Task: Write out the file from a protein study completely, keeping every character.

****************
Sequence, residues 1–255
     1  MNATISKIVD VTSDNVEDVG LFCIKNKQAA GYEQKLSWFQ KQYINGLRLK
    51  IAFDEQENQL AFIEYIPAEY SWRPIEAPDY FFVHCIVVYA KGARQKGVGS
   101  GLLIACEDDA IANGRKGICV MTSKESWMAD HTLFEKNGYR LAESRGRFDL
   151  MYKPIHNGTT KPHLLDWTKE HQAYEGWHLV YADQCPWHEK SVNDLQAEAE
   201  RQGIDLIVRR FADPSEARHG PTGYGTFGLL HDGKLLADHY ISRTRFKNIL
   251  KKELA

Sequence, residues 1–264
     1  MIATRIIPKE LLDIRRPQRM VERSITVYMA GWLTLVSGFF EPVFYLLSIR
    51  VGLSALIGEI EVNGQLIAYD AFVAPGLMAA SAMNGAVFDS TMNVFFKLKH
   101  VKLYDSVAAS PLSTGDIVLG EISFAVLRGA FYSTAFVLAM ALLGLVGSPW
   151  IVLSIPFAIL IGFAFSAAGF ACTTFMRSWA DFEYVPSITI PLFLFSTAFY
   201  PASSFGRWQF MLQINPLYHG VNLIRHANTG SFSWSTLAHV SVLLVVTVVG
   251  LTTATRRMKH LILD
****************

Sequence, residues 1–255
     1  MNATISKIVD VTSDNVEDVG LFCIKNKQAA GYEQKLSWFQ KQYINGLRLK
    51  IAFDEQENQL AFIEYIPAEY SWRPIEAPDY FFVHCIVVYA KGARQKGVGS
   101  GLLIACEDDA IANGRKGICV MTSKESWMAD HTLFEKNGYR LAESRGRFDL
   151  MYKPIHNGTT KPHLLDWTKE HQAYEGWHLV YADQCPWHEK SVNDLQAEAE
   201  RQGIDLIVRR FADPSEARHG PTGYGTFGLL HDGKLLADHY ISRTRFKNIL
   251  KKELA

Sequence, residues 1–264
     1  MIATRIIPKE LLDIRRPQRM VERSITVYMA GWLTLVSGFF EPVFYLLSIR
    51  VGLSALIGEI EVNGQLIAYD AFVAPGLMAA SAMNGAVFDS TMNVFFKLKH
   101  VKLYDSVAAS PLSTGDIVLG EISFAVLRGA FYSTAFVLAM ALLGLVGSPW
   151  IVLSIPFAIL IGFAFSAAGF ACTTFMRSWA DFEYVPSITI PLFLFSTAFY
   201  PASSFGRWQF MLQINPLYHG VNLIRHANTG SFSWSTLAHV SVLLVVTVVG
   251  LTTATRRMKH LILD